): Methods courses are offered in order to deepen knowledge of methodological approaches in various fields, whereby the personal interests of students can be strengthened. The methods courses offered adhere to those applied in current global change research, including statistical modeling, time series analysis, remote sensing, spatial analysis tools, international environmental law as well as key soft skills and more.
: The study of global change ecology is not only covered in course modules, but also includes the opportunity to gain practical experience via internships. Internships are possible within four main areas including economy, research, administration (national or international) and international organizations (including consortia).
: Science schools aim at integrating students in current developments in the rapidly changing scientific field of global change research. Intensive external and internal courses allow for students to make direct contact with not only other lecturers and real-world practitioners but peers of other study programs, universities and countries.
Students and alumni inform about activities Global Change Ecology students take part in or organize, such as visited conferences (e.g. IPBES, COP UNFCCC) and talks on their Blog: www.bayceer.uni-bayreuth.de/friends-of-gce/index.php?lang=en
Additionally students organize so called “Fireside events” featuring scientist from all over the world.
The alumninetwork “Friends of GCE” was also founded by GCE students and provides a platform for alumni to still be part of the Global Change Ecology community.
Global Change Ecology is also represented by students on Social Media (Twitter
About The University of Bayreuth at a Glance
The University of Bayreuth is a young, research-oriented campus university. The University's founding mission in 1975 was to support interdisciplinary research and teaching and to develop interdisciplinary research priorities with which it could strengthen its own profile.
Its research programmes and programmes of study are frequently updated and cover the natural sciences, law, business and economics, languages and literature, and cultural studies.
A good instructor-to-student ratio, high performance standards, interdisciplinary collaboration, and academic excellence have allowed the University to maintain its strong position in the rankings. The University of Bayreuth ranked 29th among the 350 best young universities in the world in this year’s Times Higher Education (THE) Young University Rankings out of 1,250 universities around the world. The University is also a top choice for studying law, business and economics in Germany, as borne out in the university ranking published by the Centre for Higher Education (CHE).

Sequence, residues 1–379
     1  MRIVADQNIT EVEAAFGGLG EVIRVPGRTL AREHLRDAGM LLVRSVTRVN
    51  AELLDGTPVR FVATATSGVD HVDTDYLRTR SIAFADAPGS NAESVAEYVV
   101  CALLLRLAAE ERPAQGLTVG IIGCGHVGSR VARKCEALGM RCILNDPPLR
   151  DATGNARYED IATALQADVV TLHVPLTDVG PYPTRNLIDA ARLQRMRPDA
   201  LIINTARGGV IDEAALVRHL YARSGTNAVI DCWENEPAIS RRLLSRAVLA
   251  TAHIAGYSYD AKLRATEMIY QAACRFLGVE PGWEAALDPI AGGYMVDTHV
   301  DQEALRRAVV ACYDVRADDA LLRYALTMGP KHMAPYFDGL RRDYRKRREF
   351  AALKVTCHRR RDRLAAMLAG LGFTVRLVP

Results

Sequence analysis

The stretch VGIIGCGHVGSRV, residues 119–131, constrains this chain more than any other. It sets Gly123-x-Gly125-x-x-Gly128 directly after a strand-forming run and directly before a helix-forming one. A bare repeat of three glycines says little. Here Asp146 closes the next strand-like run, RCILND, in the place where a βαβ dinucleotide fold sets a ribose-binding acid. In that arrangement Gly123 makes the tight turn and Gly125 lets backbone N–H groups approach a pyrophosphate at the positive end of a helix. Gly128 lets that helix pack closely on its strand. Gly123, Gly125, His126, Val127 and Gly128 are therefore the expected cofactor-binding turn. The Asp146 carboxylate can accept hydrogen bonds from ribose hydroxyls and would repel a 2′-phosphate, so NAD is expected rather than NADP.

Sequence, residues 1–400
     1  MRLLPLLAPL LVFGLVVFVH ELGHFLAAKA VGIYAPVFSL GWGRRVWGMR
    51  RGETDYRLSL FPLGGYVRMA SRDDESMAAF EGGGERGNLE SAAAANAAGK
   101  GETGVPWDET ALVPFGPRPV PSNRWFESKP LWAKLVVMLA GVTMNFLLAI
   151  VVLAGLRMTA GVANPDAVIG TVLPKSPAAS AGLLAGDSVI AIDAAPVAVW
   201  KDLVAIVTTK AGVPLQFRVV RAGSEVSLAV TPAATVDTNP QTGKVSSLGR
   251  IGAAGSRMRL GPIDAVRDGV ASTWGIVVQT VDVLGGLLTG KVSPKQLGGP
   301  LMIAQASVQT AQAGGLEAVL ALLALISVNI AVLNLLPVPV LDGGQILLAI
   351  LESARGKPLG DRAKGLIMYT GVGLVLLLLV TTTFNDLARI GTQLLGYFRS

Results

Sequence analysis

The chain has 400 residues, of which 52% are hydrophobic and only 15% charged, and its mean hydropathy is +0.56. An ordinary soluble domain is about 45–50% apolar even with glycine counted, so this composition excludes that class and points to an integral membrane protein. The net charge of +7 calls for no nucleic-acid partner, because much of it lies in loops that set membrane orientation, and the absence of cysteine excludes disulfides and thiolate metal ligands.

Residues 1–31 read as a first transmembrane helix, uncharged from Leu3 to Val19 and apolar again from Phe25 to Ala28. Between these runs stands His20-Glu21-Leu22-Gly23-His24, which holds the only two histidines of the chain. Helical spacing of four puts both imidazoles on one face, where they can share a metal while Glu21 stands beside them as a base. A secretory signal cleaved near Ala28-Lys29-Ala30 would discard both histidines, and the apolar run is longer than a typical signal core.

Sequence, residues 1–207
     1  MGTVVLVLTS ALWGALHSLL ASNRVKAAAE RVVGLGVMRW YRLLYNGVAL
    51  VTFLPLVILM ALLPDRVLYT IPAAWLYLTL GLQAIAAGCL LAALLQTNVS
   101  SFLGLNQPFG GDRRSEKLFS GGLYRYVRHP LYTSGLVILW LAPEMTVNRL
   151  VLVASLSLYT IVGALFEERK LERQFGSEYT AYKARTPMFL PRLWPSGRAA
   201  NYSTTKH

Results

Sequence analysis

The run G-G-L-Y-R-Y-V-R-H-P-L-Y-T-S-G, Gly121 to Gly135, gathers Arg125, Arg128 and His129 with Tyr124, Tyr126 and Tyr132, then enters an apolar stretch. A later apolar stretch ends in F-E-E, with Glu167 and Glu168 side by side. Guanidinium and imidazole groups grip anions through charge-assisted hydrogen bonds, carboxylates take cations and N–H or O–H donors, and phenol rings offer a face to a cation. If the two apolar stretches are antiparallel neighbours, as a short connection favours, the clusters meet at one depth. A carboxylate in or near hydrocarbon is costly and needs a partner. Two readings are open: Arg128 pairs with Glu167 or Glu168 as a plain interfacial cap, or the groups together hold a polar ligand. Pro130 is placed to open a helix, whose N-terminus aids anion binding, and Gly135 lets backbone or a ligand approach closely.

The University of Bayreuth has been an international leader in African Studies for many years; the Bayreuth International Graduate School of African Studies (BIGSAS) is part of the Excellence Initiative by the German federal and state governments and The ‚Africa Multiple‘ cluster of Excellence seeks to realign Bayreuth’s African Studies focus area in close cooperation with Africa partner institutions. High Pressure & High Temperature Research carried out at the Bavarian Research Institute of Experimental Geochemistry & Geophysics has established a strong reputation worldwide. Polymer research at the University is a frontrunner in the funding ranking published by the German Research Foundation (DFG). The University of Bayreuth has a tight international network of strategically selected university partnerships.
There are currently around 13,497 students enrolled in 151 different programmes of study offered by the University's seven faculties. With around 1,200 members of the academic staff, 238 professors and roughly 100 non-academic staff members, the University of Bayreuth is one of the region’s largest employers. Third-party funding for research reached € 58,066,700 in 2018 (as of 4 July 2019).